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Cy Young winner Ray sharp in Mariners debut, tops Twins 2-1

April 9, 2022 GMT
Seattle Mariners starting pitcher Robbie Ray (38) throws against the Minnesota Twins in the second inning of a baseball game, Friday, April 8, 2022, in Minneapolis. (AP Photo/Nicole Neri)
Seattle Mariners starting pitcher Robbie Ray (38) throws against the Minnesota Twins in the second inning of a baseball game, Friday, April 8, 2022, in Minneapolis. (AP Photo/Nicole Neri)
Seattle Mariners starting pitcher Robbie Ray (38) throws against the Minnesota Twins in the second inning of a baseball game, Friday, April 8, 2022, in Minneapolis. (AP Photo/Nicole Neri)
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Seattle Mariners starting pitcher Robbie Ray (38) throws against the Minnesota Twins in the second inning of a baseball game, Friday, April 8, 2022, in Minneapolis. (AP Photo/Nicole Neri)
1 of 8
Seattle Mariners starting pitcher Robbie Ray (38) throws against the Minnesota Twins in the second inning of a baseball game, Friday, April 8, 2022, in Minneapolis. (AP Photo/Nicole Neri)

MINNEAPOLIS (AP) — Reigning AL Cy Young Award winner Robbie Ray was through six innings Friday with a manageable pitch count. But a short spring training had left pitchers without time to build up their endurance, as Seattle manager Scott Servais was keenly aware.

So Servais told the new Mariners left-hander that he had three more hitters. Ray obliged with another quick inning – becoming the first starter to pitch seven this season – in an impressive debut.

Ray (1-0) surrendered just three hits, walked four and struck out five, and Mitch Haniger homered as Seattle opened with a 2-1 win over the Minnesota Twins.

“Can’t say enough how impressed I was with him today and how we went about his business,” Servais said. “I think he and I are going to have quite a few conversations toward the end of games as it goes along, and I look forward to it. Great competitor, really excited to have him on the team.”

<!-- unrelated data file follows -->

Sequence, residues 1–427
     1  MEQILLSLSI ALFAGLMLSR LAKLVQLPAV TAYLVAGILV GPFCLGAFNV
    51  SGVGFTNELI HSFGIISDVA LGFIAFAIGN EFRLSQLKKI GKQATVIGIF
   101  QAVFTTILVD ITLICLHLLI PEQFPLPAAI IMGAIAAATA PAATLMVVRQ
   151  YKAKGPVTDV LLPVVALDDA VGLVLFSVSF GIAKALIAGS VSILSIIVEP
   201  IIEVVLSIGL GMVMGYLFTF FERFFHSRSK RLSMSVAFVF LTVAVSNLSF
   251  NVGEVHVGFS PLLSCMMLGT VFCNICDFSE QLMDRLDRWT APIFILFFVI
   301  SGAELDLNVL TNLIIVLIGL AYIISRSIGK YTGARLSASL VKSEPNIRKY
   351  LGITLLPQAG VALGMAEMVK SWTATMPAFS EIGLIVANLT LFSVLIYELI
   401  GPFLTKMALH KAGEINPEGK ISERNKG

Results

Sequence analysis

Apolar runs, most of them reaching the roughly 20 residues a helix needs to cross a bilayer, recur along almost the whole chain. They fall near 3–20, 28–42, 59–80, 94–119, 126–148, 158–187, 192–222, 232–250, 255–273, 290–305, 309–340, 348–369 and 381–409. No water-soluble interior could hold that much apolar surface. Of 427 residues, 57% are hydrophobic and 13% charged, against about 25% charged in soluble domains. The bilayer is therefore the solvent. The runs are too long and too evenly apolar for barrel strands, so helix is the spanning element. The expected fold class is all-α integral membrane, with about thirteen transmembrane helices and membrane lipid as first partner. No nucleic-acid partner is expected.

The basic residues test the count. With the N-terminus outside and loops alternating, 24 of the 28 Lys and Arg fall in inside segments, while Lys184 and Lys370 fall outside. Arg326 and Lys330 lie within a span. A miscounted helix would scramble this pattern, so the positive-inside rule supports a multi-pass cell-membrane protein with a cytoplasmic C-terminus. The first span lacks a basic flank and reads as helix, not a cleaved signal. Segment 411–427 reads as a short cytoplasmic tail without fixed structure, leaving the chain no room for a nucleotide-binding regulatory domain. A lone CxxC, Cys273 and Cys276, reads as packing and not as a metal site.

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The 30-year-old Ray was just a part of the Mariners’ big offseason overhaul that saw the team also add former All-Stars Adam Frazier, Jesse Winker, Eugenio Suárez and Sergio Romo.

Ray made the opening day start after leaving Toronto and signing a five-year, $115 million contract with Seattle.

“I told Skip I was ready,” Ray said. “He said, ‘You got three batters.’ I said, ‘Done.’ I felt really good, still felt strong going into that seventh inning. So, really happy to get through it.”

Haniger is the longest-tenured Mariners player, having started with them in 2017. He connected for a two-run homer in the first inning off rookie Joe Ryan.

Drew Steckenrider allowed a leadoff hit in the ninth but secured the save after Gary Sánchez hit a towering flyball to the left-field wall.

“I thought it was gone, but today wasn’t the day,” Sánchez said through a translator.